This is further aided by the proliferation of political literature outside of mainstream media on the heels of a Trump-dominated four years where politics fully fused with culture, making the discussion of one without the other nigh-on impossible, and pushing those who’d not previously taken interest and would’ve fallen for a counter-intelligence program the tools that they need to better make heads or tails of America’s restless imperialist obsessions. When all of that is taken into account, it’s then no wonder that America—at least on the national stage—has gotten so much worse at selling their campaigns of war, which now mostly tend to be performed by proxy to spite major geopolitical rivals like China and Russia. Until US intelligence agencies can speak the language of the internet, they’re poised to keep taking an L unless they can conceive of a world that no longer perpetually lives in the chaos of erstwhile eras.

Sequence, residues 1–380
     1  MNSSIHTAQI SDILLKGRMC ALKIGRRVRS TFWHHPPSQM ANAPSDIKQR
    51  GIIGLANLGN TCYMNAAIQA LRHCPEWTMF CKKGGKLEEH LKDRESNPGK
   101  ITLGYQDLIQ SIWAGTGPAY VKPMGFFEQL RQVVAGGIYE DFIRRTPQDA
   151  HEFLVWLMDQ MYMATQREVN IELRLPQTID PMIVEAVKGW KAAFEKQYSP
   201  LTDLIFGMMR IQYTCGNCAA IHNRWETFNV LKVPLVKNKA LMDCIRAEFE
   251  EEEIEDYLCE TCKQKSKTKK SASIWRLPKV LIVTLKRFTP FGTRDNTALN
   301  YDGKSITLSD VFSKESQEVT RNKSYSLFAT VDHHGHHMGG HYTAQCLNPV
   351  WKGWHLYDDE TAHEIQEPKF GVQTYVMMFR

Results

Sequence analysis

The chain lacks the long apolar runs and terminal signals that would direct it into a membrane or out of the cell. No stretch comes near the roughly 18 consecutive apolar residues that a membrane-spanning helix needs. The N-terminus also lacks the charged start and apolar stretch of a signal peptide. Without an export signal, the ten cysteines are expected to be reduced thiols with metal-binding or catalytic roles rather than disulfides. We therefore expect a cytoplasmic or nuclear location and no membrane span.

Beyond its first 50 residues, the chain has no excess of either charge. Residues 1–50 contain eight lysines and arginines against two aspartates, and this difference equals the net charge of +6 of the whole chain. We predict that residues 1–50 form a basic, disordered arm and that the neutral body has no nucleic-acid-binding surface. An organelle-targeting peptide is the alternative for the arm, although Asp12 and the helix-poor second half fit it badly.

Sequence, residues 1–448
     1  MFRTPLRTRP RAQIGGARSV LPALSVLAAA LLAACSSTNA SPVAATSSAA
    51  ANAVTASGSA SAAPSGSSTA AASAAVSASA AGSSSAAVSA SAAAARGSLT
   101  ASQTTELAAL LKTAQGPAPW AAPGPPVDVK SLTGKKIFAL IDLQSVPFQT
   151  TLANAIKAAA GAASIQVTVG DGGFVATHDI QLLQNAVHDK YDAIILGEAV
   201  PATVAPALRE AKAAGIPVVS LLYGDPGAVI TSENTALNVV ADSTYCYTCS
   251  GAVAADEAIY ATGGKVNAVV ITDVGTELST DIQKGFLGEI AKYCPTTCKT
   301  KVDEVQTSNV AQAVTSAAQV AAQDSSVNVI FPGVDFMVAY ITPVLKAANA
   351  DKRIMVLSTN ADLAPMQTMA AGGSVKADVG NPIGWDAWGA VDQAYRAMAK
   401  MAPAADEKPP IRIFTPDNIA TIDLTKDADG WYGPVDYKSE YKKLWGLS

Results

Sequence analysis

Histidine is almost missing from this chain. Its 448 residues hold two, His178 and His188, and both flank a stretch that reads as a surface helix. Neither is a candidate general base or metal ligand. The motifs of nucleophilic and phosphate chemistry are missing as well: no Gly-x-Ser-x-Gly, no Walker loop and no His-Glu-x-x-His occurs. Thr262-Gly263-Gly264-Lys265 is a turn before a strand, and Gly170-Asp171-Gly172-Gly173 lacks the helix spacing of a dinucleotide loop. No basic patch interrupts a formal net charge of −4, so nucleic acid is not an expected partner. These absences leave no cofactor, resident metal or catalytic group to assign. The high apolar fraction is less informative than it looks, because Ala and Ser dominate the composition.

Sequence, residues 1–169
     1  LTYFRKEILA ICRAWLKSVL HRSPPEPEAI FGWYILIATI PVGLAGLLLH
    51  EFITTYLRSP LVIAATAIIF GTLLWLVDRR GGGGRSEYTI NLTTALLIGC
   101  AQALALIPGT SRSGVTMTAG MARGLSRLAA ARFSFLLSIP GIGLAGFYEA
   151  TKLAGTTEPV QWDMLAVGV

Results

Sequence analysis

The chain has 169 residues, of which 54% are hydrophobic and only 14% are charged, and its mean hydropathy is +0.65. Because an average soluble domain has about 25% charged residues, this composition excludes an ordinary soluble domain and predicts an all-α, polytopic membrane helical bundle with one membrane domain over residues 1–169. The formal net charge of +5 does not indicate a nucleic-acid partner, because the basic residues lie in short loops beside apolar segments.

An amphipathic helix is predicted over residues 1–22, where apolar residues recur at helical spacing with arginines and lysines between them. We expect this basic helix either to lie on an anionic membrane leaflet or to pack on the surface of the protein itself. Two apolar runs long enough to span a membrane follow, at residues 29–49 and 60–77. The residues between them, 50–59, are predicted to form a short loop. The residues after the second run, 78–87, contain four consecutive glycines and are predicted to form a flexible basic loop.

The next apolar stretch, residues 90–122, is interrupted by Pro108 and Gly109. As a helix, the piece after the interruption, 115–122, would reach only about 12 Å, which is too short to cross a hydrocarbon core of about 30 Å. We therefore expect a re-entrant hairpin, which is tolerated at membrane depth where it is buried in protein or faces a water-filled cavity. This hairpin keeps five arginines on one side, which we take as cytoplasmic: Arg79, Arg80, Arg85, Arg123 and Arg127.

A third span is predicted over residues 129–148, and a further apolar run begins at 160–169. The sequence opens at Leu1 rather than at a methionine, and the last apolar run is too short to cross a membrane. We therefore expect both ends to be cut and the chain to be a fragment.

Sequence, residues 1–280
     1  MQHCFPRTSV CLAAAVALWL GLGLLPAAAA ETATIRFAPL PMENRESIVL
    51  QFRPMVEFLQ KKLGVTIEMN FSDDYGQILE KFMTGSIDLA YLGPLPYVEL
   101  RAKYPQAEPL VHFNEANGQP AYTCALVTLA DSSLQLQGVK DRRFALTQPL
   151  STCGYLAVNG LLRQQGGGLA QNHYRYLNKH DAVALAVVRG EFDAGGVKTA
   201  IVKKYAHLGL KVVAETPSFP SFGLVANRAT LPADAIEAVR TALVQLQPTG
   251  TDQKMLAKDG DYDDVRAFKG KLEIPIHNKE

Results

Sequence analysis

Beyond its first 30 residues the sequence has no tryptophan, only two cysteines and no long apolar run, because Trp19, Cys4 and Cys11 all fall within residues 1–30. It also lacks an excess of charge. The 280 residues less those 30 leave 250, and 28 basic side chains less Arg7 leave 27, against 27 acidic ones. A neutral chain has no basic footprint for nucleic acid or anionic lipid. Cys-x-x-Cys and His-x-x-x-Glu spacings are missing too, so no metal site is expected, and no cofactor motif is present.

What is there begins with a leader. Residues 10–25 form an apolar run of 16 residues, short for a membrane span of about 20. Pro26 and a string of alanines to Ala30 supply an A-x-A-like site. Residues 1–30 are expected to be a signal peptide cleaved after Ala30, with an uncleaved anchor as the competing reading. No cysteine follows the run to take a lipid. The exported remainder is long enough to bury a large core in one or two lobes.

In the meantime, it’s every internet person’s solemn duty to try their hardest to never fall for political propaganda, no matter its origin. It wouldn’t be incorrect to say that almost every entity online has its own brand to sell, and it has to indulge its own bit of propaganda to bolster its own profile, but the practice’s political slant especially reeks of cynicism and the—at least in my opinion—false belief that the public is but a cattle to be herded around for selfish gain. I’m not American, so I have no stake in this but to express solidarity with a blockade-worn nation that wishes to still exercise independent control of its own resources and sovereign territory—nonetheless, to see dissent astroturfed on social media by a foreign entity is extremely distressing, and it should not be tolerated no matter how appealing the optics could otherwise be.